First of all, I know Red Skull is a bad guy. Really just the worst. There’s a scene early in this issue where Skull, bored with the meal he’s been served, has the kitchen staff execute itself. It’s a horrific panel, and it plays into Skull’s obsession with firearms AND the too common internet refrain of “kill yourself” used as a form of criticism (criticism that Spencer no doubt received in the wake of SRCA1). As repulsive as that is, Skull demonstrates that his fear of the outside knows no bounds, as he commands his henchmen to shoot a child.

skull shoots a child

He’s a rat bastard, and that’s all there is to it. So how does he leverage this bastardness into re-writing Captain American History? By lying to children, by silencing scientists, by posing as a religious leader. I had praised the first issue for challenging the purity of the Greatest Generation, but it seems like Spencer’s satirical target may be both more specific and more current: Red Skull represents those that would distort and misrepresent history to control the masses through fear.


Spider-Gwen Annual 1

Spider-Gwen Annual 1Taylor: In college I took a survey course on American theater. Being a broad study, we read some of the most well known plays in American history and also discussed some of the big ideas and themes that have pervaded theater throughout the ages. One of the big ideas we discussed about theater was whether it, and art in general, should hold a mirror up to society or try to shape it the same way a blacksmith uses a hammer to shape steel. In the ridiculous Spider-Gwen Annual 1, it would appear it can be used for both.

This annual, like a lot of annuals, forgoes the structure of a typical issue and instead opts for a series of vignettes, most of which are pretty silly. There’s a story about Gwen saving Uncle Ben from the robber at the infamous wrestling match in which he’s killed (in most universes); there’s Gwen hanging out with her fellow female spider-powered women; a story about the Watcher, and perhaps my favorite, a story about Gwen and Captain America.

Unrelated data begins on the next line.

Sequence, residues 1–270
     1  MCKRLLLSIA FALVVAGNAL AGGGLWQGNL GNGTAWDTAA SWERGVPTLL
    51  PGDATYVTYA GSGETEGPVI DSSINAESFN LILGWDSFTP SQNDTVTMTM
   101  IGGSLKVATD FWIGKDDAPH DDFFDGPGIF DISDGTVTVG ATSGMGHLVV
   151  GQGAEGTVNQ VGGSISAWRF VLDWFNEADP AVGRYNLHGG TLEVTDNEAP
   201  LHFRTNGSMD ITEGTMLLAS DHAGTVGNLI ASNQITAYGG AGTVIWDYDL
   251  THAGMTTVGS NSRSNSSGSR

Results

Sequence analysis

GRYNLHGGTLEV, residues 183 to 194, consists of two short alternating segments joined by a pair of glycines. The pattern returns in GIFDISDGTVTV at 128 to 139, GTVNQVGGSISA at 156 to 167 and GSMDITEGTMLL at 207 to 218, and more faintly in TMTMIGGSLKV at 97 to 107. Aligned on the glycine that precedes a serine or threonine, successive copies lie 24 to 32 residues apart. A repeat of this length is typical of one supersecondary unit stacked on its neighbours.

In this story Gwen befriends Cap and shares with her issues of Captain American dating back 75 years ago. Cap is moved by these issues and goes to share them with a Steve Rogers who is now on his deathbed. There, he shares with Cap that the country always needs someone to inspire hope and fight the good fight. Hilariously, this means that Cap needs to fight a version of M.O.D.O.K. who is Donald Trump.


The comedy of this cameo appearance by the GOP presidential candidate aside, we see this issue holding a mirror up to society while also trying to shape it. Here we have to confront that in many ways, Trump – with his xenophobic and sexist rhetoric – is nothing short of some sort of super villain. That so much of the country sides with these should gives us all pause and consider just who it is our country sees when we collectively look in the mirror. However, Captain America then bashes M.O.D.A.A.K. while Rogers says the American public needs to actively fight against greed and fear. In this way we are all being urged to change and shape the future, just as a hammer changes the shape of what hits. Ultimately this is both the most entertaining and emotional part of a wild issue that is deep on meaning and fun.